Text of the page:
UPDATE: LNER offers free travel for holders of Flybe tickets

16-week-old baby discovered in box outside north London hospital

21:22 (January 29) – The London North Eastern Railway has said that anyone in possession of a Flybe ticket for a cancelled flight, will be provided with free travel.

14:42 (January 28) – Easyjet has responded to the collapse of Flybe by offering customers holding tickets from the failed airline a replacement flight for a low flat fee.

Easyjet wrote to all its customers saying: “Everyone at easyJet is sorry to see the news about Flybe and understand the anxiety that their customers will be facing now.

“EasyJet is working to help affected passengers by offering a dedicated rescue fee for customers up until 5 February.  A fare of £49 for domestic routes and £79 for international routes including a 15kg hold bag will be available on presentation their original Flybe booking reference.

“EasyJet his also inviting any Flybe cabin crew and staff to apply for roles with easyJet on our careers website.

“Any affected passengers should contact easyJet’s customer service + 44 (0) 330 5515151.”

More announcements and offers are expected other from airlines, as is information on refunds that customers may be entitled to once the administrators are in post. Flybe customers should watch out for communications from the company over the next few days.

07:18 (January 28) – The British airline based in Birmingham announced via Twitter that it had collapsed and that all scheduled flights had been cancelled.

The tweet on Saturday, January 28 said that administrators had been appointed adding that: “We are sad to announce that Flybe has been placed into administration.

“David Pike and Mike Pink of Interpath have been appointed administrators.

“Regretfully, Flybe has now ceased trading.

“All Flybe flights from and to the UK are cancelled and will not be rescheduled.”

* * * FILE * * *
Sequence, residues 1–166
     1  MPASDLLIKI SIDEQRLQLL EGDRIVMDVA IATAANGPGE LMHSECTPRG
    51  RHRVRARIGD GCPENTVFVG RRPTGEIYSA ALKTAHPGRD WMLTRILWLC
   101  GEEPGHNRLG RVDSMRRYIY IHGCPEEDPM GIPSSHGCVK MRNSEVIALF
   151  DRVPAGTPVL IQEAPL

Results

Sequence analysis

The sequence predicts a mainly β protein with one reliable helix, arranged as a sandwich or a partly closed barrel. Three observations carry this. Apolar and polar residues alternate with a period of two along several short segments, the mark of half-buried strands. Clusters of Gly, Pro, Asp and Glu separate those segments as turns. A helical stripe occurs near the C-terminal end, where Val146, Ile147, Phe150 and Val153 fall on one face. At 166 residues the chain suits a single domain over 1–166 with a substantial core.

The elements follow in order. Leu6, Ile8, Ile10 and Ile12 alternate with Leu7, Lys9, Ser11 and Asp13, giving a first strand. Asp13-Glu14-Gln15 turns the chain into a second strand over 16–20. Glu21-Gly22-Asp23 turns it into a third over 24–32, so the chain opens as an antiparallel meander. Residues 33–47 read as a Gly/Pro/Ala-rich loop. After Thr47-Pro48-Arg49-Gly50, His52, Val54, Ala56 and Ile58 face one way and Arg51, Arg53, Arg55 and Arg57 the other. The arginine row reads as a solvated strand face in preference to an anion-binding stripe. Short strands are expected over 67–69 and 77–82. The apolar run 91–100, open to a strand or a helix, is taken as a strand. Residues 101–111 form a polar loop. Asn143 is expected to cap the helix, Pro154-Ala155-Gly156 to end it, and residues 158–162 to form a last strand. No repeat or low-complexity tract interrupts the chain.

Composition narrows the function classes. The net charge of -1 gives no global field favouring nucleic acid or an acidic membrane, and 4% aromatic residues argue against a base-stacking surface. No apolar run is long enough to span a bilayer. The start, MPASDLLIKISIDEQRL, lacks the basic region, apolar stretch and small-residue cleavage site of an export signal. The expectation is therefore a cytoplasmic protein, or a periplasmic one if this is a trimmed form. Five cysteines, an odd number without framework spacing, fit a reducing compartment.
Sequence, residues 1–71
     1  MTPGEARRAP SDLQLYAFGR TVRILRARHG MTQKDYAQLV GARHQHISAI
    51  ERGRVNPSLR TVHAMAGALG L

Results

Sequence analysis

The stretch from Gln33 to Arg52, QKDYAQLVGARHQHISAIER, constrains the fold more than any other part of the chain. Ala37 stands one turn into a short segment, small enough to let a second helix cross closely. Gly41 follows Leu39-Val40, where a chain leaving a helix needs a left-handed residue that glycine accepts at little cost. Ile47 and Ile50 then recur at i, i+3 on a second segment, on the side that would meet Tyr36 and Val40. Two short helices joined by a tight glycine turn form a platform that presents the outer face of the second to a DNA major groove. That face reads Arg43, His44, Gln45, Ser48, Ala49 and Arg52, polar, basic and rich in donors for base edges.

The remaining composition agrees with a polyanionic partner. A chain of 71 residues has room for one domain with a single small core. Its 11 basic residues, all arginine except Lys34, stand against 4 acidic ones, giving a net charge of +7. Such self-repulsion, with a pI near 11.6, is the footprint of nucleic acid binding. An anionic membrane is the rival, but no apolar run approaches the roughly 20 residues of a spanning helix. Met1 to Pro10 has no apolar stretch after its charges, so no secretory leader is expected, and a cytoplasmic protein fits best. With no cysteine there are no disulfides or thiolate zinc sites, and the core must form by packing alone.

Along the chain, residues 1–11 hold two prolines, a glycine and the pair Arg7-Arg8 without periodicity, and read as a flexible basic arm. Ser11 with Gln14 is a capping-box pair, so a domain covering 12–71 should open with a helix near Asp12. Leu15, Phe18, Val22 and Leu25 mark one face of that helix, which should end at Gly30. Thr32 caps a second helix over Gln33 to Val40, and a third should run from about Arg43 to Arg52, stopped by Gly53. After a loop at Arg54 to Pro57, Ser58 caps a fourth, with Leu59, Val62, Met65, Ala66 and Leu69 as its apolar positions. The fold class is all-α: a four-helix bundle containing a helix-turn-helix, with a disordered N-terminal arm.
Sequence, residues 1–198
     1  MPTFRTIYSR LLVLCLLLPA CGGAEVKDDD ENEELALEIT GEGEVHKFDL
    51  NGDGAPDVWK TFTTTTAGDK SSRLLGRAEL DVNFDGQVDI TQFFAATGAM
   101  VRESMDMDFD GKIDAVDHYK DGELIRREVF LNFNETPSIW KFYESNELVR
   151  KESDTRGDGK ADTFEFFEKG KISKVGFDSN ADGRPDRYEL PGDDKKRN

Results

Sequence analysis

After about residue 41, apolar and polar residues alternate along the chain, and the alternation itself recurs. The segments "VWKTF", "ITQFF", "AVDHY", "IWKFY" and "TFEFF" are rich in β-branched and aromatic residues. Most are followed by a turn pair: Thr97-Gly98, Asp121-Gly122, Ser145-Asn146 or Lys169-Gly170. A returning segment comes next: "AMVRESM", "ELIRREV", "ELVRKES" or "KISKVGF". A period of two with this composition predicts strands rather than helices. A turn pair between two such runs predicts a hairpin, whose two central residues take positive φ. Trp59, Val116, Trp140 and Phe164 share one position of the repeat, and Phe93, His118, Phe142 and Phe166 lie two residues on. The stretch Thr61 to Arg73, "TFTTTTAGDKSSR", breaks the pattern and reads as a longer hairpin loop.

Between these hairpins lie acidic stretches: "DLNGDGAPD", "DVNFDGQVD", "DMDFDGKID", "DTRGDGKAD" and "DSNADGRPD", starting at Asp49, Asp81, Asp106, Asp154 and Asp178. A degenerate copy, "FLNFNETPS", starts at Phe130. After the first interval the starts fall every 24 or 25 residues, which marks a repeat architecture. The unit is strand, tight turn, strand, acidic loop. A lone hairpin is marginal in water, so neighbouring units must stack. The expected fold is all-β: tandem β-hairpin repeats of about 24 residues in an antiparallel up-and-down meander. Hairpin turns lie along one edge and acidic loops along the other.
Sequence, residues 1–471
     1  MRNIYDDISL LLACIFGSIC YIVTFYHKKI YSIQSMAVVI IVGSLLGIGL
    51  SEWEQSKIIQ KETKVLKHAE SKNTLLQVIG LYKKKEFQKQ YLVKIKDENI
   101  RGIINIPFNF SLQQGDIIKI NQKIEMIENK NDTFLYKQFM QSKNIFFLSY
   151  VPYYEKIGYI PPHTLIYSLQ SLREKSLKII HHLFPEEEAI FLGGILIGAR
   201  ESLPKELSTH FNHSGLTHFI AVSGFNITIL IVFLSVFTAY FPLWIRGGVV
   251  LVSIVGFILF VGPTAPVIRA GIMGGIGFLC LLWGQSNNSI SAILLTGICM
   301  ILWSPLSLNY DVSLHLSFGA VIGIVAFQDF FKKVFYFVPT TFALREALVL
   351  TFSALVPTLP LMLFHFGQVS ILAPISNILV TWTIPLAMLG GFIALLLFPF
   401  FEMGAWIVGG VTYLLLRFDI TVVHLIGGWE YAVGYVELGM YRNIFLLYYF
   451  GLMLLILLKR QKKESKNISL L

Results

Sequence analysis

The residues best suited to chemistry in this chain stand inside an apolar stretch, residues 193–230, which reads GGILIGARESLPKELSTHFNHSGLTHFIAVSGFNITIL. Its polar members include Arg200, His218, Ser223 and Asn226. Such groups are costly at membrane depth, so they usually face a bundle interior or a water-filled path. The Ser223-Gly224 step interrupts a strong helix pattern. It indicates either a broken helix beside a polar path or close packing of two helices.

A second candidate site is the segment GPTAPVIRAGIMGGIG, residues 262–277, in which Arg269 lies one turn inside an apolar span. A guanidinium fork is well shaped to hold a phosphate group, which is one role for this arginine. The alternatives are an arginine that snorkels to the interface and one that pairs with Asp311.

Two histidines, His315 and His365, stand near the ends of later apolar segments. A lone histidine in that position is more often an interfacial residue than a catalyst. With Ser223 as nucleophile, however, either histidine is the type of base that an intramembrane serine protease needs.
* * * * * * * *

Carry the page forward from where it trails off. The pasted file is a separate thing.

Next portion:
Flybe had been placed into administration in March 2020 as a result of the collapse in the travel market caused by the pandemic. But it resumed trading in April following the acquisition of its business and assets by Thyme Opco.

The US hedge fund linked company was then renamed Flybe. Prior to its collapse Flybe was the largest airline outside of London that travelled within UK borders operating over 500 flights per week across 23 routes.

At its peak it serviced Belfast City, Birmingham, East Midlands, Glasgow, Heathrow and Leeds Bradford.

Paul Smith, the UK Civil Aviation Authority’s Consumer Director said: “It is always sad to see an airline enter administration and we know that Flybe’s decision to stop trading will be distressing for all of its employees and customers.

“We urge passengers planning to fly with this airline not to go to the airport as all Flybe flights are cancelled. For the latest advice, Flybe customers should visit the Civil Aviation Authority’s website or our Twitter feed for more information.”

It is not known why British airline Flybe collapsed and what impact the cancellation of all its flights will have on the travel market, with the announcements from the administrators expected sometime next week.

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Written by

Peter McLaren-Kennedy

Originally from South Africa, Peter is based on the Costa Blanca and is a web reporter for the Euro Weekly News covering international and Spanish national news. Got a news story you want to share? Then get in touch at editorial@euroweeklynews.com.